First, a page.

That’s how Judy Nagy, one of our forum advocates, responded to Michael McDougall when he shared his ridiculous, improbable, and apparently unresolvable case involving a frivolous claim on a Budget car rental.
McDougall rented a car in Fort Myers, Fla., last year.
“While checking us out of the parking garage, the attendant, whose name was April, notified us that she saw a small dent in the vehicle and asked us if we would like to switch to a different vehicle or just have her document the pre-existing damage on this one,” he says.
McDougall said he didn’t mind. But a month after he returned it, he was broadsided by a bill.
“It was vague in detail, just stating we returned a vehicle with damages and that we owed over $600 for the repair,” he says.
McDougall’s case turned bizarre — yes, I’ll use the word, too — when Budget told him by phone that the claim was a mistake, but then referred the matter to a third party.
“I received a letter from Viking Collection Services stating my case was sent to collections,” he says. “It lists the creditor as Avis/Budget and references an amount of $660. The letter is again pretty vague, but it states the rhetoric about having 30 days to dispute the claim and they have to send you documentation about the original creditor.”
And you know what they say? Don’t mess with the Vikings.
But McDougall did mess with these Vikings. His forum thread continues for several months until he persuades Budget and Viking to abandon their collection efforts. It’s fascinating reading.
The story doesn’t end here. It turns out other renters have had similar run-ins with Viking. Some of them report the same frustrating experience of a vague damage claim, accompanied by threats to pay up — or else.
Viking has a long track record of questionable practices. I had to stop reading the stories after the one about the woman who was killed in a car accident and whose family received a call from a Viking representative at the funeral home.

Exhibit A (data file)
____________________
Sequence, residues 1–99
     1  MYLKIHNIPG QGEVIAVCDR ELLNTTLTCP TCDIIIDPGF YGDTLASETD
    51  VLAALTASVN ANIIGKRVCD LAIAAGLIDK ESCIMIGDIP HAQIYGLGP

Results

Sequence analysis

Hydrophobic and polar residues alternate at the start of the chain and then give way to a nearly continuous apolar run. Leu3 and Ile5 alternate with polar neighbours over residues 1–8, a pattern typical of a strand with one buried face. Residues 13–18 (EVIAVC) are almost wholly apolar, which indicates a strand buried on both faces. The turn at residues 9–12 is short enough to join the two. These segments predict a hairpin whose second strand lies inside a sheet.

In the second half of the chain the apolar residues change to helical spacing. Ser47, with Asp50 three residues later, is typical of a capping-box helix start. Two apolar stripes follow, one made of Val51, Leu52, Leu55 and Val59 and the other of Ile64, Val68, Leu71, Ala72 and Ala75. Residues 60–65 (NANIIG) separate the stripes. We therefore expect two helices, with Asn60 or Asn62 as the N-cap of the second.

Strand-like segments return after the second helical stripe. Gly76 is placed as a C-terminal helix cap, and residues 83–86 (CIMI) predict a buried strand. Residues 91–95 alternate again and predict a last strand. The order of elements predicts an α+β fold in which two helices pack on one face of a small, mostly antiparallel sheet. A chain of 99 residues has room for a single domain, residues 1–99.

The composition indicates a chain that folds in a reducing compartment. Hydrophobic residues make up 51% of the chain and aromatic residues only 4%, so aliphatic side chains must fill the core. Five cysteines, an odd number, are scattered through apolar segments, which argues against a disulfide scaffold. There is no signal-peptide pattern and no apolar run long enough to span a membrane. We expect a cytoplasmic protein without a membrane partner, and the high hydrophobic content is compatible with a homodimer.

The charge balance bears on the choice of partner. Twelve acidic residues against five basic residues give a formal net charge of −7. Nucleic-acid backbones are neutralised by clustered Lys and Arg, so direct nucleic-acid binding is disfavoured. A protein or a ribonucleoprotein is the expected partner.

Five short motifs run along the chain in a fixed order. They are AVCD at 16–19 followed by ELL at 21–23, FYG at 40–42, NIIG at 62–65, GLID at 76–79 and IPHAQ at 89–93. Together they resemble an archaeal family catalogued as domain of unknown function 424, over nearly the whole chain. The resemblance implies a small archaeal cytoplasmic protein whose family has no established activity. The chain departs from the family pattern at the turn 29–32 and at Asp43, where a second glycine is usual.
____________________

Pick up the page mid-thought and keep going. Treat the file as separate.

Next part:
Debt collection is a legitimate business, but there are illegitimate ways of practicing it. Based on the comments I’ve read, I’d say Viking may need some ethics remediation.
The question that remains is: Why would any car rental company do business with these predators? I mean, it isn’t as if the car rental companies don’t have enough reputation problems already. Why add to it by sending in these Vikings?
Budget isn’t being true to itself. Consider its mission statement, which promises:
We will consistently deliver a quality product, friendly service and great value that make customers confident that Budget is their best car rental choice.
Quality product? Friendly service? Great value?
I think McDougall would dispute that. Our forum advocates would dispute that. I would dispute that, too.
Associating with a debt-collection sweatshop like Viking does not align with Budget’s mission. Full stop.
In the meantime, here’s what you can do to stay out of trouble:
- Don’t accept a damaged car — ever.
- Take “before” and “after” pictures of your car — always.
- Insist on proper documentation of any alleged damages — every single time.
For more information on handling frivolous car rental claims, check out our frequently asked questions about car rentals.
Stay out of trouble when you’re on the road, my friends. And avoid Vikings — if you can.